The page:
Footnote 1 EET  could say IF is most important after a long NIGHT’S sleep, but that is not accurate for people like night shift workers who’s longest period of sleep would be during the day — this is a great example of how EET works and how important it is that eating TIMING be adapted to each individual’s specific schedule and not run by the clock on the wall.

BONUS! EET Members Video

As another benefit to Hive readers, here is EET’s Members Video on this topic that explains in detail why you might want to rethink your breakfast menu if you are interested in burning fat with a lot less effort.

Jon Pearlstone

Jon Pearlstone, aka Mr. EET, is an International Fitness Consultant, Certified Personal Trainer and the Founder of the Eating and Exercise Timing (EET) Fitness Plan. EET is a diet and exercise plan that focuses on improving your metabolism through proper Eating, Activity and Exercise TIMING to match your body's natural metabolic cycle. EET allows you to eat without food restrictions or calorie counting, and to exercise less than 30 minutes per session, while achieving significant weight loss and improved fitness. The goal of EET is to end yo-yo dieting and short term exercise success by focusing on helping you build a sustainable plan for your lifestyle. This creates PERMANENT weight loss and fitness for people rather than the short term hype of "hot" plans like P90x or The Insanity Workout. Any questions can be sent to [email protected]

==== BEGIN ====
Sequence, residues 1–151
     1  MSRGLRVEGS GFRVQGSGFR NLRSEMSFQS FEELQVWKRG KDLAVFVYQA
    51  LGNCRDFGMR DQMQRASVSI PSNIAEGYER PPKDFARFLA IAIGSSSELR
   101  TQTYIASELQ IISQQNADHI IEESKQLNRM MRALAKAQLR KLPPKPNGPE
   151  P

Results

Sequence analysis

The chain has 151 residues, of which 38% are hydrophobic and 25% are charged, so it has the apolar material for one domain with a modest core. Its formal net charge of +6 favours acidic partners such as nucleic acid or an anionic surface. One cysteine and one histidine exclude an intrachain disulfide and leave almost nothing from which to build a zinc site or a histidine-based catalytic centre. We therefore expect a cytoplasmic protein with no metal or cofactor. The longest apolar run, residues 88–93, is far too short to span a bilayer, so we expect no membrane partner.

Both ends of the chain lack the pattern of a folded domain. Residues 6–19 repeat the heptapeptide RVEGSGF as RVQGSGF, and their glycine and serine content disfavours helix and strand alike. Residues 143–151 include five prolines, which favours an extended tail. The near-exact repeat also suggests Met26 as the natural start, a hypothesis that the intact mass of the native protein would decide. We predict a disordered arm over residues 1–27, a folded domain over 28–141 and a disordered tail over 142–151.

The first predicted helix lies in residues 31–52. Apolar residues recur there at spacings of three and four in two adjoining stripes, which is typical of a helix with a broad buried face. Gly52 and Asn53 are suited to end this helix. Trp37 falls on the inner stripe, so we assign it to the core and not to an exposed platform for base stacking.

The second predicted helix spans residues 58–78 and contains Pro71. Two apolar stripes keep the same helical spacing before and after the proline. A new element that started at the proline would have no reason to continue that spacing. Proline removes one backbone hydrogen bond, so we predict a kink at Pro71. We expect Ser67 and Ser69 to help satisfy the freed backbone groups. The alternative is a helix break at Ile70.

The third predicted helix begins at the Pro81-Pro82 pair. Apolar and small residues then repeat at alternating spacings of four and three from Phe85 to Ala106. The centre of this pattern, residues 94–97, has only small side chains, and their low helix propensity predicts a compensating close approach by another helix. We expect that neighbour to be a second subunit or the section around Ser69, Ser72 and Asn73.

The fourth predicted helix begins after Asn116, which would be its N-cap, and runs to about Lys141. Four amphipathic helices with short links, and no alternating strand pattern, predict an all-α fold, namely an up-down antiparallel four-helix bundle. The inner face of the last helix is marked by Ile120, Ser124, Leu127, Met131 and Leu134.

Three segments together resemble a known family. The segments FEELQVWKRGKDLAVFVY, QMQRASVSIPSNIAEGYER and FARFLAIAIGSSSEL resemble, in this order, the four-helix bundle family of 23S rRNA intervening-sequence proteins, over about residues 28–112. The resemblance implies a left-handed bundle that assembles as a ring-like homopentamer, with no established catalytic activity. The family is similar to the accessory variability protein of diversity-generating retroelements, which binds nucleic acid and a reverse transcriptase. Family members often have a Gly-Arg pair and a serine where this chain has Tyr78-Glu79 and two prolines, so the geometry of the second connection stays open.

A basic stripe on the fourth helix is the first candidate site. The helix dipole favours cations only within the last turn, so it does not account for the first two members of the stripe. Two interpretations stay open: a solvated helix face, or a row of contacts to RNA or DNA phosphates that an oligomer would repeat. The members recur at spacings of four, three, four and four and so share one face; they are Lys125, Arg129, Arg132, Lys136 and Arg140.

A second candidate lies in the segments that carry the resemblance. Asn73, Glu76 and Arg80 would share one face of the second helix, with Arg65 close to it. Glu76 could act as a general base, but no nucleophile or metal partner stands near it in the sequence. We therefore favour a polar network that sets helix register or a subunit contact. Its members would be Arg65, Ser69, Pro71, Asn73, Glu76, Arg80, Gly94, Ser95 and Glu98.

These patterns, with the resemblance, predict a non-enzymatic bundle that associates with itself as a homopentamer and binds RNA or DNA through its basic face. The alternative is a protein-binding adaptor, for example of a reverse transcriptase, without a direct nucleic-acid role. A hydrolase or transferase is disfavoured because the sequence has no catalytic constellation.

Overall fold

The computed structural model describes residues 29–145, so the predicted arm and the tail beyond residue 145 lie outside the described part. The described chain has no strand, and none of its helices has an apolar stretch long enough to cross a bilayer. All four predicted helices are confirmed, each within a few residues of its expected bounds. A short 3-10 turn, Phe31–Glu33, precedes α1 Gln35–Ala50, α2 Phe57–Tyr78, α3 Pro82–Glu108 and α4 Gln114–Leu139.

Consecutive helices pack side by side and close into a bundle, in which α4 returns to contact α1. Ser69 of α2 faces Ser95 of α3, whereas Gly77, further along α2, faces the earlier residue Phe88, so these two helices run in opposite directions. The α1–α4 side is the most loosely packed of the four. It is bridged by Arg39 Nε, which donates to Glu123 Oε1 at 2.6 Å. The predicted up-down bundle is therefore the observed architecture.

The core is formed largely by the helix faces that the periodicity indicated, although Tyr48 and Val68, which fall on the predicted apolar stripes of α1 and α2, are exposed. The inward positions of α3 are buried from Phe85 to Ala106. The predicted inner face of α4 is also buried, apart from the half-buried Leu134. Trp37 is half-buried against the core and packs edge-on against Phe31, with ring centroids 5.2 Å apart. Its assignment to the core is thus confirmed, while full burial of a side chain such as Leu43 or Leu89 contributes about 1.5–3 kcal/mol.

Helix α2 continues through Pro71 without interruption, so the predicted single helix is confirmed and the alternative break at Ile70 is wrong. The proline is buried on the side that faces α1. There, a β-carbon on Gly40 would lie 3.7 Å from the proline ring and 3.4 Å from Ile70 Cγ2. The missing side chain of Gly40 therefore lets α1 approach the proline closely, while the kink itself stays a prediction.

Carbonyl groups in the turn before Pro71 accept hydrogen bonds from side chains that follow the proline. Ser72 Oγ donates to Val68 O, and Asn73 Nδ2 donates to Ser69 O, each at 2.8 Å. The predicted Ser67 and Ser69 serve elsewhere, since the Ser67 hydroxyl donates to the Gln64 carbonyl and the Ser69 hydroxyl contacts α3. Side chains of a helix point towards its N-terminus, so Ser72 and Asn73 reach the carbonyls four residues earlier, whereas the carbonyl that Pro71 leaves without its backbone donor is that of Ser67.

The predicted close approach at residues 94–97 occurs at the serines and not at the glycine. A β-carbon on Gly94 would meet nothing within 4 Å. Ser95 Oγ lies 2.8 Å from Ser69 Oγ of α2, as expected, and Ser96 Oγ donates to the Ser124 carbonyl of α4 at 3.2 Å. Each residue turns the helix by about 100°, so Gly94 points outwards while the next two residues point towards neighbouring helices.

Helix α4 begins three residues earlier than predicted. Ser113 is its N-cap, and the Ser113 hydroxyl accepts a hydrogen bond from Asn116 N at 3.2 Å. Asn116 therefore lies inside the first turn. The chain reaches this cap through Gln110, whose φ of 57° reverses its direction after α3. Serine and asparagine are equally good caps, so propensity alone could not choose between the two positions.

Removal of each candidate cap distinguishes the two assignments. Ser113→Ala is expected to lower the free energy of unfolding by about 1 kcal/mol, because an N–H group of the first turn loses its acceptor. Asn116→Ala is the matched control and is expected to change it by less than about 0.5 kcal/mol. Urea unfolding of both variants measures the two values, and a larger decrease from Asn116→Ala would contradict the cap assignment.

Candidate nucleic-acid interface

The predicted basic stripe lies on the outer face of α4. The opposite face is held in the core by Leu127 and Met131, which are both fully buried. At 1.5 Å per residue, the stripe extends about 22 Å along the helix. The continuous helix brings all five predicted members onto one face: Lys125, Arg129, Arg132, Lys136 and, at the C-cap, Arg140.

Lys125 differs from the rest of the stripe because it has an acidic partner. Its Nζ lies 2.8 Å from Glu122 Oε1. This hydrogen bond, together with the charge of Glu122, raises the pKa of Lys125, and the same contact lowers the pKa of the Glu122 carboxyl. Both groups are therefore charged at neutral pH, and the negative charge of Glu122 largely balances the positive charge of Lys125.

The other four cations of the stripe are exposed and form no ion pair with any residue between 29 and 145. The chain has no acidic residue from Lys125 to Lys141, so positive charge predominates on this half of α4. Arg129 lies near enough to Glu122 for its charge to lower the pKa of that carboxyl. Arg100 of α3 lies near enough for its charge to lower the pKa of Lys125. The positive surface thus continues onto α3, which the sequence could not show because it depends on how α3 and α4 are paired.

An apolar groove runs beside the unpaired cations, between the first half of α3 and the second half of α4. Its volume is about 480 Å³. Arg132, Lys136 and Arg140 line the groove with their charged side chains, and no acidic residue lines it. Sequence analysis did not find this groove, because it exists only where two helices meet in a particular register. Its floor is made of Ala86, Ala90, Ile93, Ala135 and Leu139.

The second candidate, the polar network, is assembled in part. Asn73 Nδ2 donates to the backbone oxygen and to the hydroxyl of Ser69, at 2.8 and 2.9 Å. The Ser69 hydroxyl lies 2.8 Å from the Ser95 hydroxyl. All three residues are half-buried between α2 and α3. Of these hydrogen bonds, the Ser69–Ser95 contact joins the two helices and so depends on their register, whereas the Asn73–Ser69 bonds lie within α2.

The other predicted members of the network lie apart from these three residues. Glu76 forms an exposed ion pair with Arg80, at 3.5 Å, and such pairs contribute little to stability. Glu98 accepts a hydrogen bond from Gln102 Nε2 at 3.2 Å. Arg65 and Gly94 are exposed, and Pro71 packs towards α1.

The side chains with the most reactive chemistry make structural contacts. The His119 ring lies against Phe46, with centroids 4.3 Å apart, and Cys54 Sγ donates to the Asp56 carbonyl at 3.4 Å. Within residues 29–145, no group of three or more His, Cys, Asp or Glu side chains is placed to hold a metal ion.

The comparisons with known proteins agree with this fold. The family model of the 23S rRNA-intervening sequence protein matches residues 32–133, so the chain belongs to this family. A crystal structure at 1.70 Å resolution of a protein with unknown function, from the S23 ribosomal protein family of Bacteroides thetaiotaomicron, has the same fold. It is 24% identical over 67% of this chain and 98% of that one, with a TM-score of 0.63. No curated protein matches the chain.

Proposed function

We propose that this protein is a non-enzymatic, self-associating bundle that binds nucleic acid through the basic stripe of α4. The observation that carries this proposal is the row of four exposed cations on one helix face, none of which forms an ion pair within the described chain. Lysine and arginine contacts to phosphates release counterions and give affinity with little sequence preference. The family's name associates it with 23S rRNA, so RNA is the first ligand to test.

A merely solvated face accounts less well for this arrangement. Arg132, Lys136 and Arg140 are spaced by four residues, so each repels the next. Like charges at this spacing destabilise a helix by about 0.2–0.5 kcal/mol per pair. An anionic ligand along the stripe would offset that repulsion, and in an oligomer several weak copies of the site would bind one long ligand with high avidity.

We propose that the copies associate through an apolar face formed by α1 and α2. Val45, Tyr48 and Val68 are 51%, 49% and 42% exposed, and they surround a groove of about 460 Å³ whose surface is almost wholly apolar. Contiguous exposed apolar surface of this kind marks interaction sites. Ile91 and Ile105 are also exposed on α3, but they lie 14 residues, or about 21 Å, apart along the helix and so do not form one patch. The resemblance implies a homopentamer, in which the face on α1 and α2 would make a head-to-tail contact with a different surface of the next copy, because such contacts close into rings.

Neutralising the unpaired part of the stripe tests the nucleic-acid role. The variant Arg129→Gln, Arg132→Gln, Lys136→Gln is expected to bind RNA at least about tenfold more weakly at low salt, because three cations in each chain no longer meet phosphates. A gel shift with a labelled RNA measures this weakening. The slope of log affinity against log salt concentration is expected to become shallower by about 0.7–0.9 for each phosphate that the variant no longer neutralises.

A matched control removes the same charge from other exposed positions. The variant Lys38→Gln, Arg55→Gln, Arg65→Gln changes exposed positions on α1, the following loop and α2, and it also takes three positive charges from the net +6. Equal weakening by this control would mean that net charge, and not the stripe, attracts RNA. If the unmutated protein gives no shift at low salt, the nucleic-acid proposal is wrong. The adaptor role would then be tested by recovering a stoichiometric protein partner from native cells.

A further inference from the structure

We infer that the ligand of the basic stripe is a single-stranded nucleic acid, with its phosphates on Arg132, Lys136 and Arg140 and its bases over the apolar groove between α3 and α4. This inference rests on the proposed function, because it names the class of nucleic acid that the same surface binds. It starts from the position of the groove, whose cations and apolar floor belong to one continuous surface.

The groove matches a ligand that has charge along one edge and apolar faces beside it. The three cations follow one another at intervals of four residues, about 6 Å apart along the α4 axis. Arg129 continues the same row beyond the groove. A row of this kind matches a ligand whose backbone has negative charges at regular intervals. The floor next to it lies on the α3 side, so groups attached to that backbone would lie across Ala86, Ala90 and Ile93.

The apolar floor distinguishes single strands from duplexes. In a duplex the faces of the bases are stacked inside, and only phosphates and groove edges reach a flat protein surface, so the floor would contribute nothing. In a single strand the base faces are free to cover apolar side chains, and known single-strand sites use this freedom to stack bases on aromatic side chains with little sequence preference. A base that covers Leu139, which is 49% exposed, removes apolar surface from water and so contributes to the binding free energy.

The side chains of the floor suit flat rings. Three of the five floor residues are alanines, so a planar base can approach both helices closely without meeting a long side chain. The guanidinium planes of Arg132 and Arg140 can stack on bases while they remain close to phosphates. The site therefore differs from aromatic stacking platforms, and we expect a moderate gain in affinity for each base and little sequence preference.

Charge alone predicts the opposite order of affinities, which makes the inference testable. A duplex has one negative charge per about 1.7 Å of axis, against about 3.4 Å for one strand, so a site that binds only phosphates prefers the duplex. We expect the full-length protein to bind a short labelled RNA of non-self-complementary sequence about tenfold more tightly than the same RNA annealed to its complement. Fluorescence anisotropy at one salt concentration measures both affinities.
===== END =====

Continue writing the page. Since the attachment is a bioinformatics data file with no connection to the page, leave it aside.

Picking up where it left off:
5 thoughts on “Eating “Most Important Meal” Breakfast Makes You FAT

  • October 25, 2011 at 5:44 pm

    Yea but look at the typical breakfast like the one in this picture. It's not that bad, but you've got 2 eggs, four pieces of bacon that's about 20 grams of protein. Then two slices of toast that looks decent but what will most people do, get two pieces of traditional loaf bread. Probably got hfcs or sugar in it, then a oily greasy croissant? That's probably a 600 calorie breakfast but you've got strawberries on there so it's kinda more ok, right? haha. Most people don't know how to eat, and that's the problem. Not whether or not you eat breakfast. For real information visit Greenville SC Personal trainer

  • December 25, 2010 at 8:10 pm

    I do not know that eating breakfast actually make us fat. Breakfast is the most important meal of the day and everyone must have a full breakfast.

    I would advise to have a full breakfast but exercise in the evening for weight loss.

  • December 21, 2010 at 10:10 am

    Intermittent fasting is the next fad diet that isn’t a fad because it actually works. People are going to put it down, spin it around, and turn it inside out, but this topic is a hot trend in the nutrition niche and should be studied more. Let’s hear more about IF!

    • December 21, 2010 at 11:17 am

      Hey Steve, I agree with you that it would be great to see more research about intermittent fasting. I’ve been reading some interesting articles about intermittent fasting and circadian rhythms, longevity, and other health benefits.

    • December 21, 2010 at 8:21 pm

      Yeah, I agree as well. I believe that intermittent fasting is incredibly effective if used properly. I’ve been on the “EET version” mentioned in this article for some time now and have to say that it’s magic, at least for me.